VA Loans and Mortgage Interest Deductions
You’ve probably heard about the tax advantages of home ownership compared to renting, right? The mortgage interest deduction is one of the few allowable deductions from taxable personal income that survived the federal tax overhaul back in the 1980’s. Then, a variety of income tax deductions were available, even interest on credit card debt. Today however, the mortgage interest deduction remains. But how does that affect how much taxes you pay?
First and foremost, this is not to be construed as tax advice. All tax questions should be addressed to a licensed financial planner or CPA. This article only provides a general description of tax deductibility.
There are actually two deductions available to homeowners who have a mortgage; mortgage interest and property taxes. Three if you count any discount point paid to lower the mortgage rate on a VA purchase loan.
Say you and your spouse make $85,000 per year, before taxes. Now say that you have a 30 year fixed rate mortgage on a $300,000 loan at 4.00 percent. Over the first 12 months, you paid nearly $12,000 in interest. Tax deductible interest. You also paid $2,000 in property taxes for that same year for a total potential deduction of $14,000.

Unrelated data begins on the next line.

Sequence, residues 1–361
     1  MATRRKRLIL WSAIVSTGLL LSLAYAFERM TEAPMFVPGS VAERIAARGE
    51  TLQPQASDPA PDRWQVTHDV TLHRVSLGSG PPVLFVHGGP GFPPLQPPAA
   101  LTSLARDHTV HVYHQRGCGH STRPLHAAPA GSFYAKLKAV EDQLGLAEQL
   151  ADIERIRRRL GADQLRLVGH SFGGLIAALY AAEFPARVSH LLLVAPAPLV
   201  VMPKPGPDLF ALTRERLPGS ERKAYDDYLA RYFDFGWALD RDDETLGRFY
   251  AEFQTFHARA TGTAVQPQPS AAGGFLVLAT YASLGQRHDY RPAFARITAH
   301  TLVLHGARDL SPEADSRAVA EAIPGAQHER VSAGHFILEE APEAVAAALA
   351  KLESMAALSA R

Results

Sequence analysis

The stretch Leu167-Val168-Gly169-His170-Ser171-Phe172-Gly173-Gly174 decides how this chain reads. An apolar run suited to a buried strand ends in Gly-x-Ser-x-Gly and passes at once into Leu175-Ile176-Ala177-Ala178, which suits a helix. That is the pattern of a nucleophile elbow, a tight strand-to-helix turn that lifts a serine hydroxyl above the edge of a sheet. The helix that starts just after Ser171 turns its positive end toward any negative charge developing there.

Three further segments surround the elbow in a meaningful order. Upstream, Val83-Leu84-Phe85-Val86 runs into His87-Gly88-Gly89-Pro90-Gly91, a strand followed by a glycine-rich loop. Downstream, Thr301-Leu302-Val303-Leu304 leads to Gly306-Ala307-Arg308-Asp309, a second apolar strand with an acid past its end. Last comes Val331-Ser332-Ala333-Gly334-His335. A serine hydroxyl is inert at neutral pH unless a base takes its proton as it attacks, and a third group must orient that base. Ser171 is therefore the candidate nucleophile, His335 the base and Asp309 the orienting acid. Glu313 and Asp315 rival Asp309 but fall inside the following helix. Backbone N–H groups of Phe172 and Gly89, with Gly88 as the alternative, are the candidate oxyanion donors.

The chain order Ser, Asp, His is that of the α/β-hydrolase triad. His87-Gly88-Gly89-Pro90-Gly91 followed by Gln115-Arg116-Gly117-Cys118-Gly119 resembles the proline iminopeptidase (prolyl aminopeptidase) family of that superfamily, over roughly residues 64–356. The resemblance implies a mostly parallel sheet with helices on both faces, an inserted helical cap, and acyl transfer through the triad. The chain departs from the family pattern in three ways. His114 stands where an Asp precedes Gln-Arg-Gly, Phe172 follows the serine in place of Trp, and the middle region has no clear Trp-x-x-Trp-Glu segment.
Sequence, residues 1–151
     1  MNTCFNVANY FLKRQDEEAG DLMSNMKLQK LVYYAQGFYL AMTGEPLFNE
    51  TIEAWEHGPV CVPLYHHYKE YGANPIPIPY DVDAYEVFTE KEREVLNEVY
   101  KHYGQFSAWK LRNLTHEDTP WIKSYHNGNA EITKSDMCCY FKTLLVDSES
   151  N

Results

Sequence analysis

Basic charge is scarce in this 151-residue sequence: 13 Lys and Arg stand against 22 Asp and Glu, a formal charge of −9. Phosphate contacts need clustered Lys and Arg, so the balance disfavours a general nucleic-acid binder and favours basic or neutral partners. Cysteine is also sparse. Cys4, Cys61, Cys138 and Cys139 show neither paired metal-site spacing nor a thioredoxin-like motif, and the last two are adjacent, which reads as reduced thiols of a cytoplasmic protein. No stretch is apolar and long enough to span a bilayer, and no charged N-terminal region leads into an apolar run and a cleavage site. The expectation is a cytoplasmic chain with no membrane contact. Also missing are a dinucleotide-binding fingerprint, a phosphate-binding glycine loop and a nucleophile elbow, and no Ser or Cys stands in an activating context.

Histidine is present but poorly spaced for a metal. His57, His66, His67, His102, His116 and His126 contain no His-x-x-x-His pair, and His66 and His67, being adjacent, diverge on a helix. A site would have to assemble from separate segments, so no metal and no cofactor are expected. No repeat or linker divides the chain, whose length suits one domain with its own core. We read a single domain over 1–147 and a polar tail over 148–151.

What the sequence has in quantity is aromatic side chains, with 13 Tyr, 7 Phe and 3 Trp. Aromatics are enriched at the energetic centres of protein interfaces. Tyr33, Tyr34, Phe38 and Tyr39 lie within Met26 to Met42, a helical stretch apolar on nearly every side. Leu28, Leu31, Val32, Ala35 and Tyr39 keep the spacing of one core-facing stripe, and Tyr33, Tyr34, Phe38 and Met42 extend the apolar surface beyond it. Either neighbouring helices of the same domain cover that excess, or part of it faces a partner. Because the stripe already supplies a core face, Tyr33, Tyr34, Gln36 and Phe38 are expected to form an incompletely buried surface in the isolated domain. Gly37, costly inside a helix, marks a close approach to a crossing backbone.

Now say you rent, with no mortgage interest nor property taxes. You will be taxed on $85,000. If you owned a home and financed it using the above example, your tax liability will be calculated using $71,000 of income, instead of the higher, $85,000 amount.
Again, this is a simple explanation and doesn’t take into consideration personal exemptions, household size, filing status and other factors. But generally speaking, when you own a home instead of renting, your income tax bill is reduced. And it’s probably the biggest single deduction most homeowners take each year. Financially speaking…it’s worth it.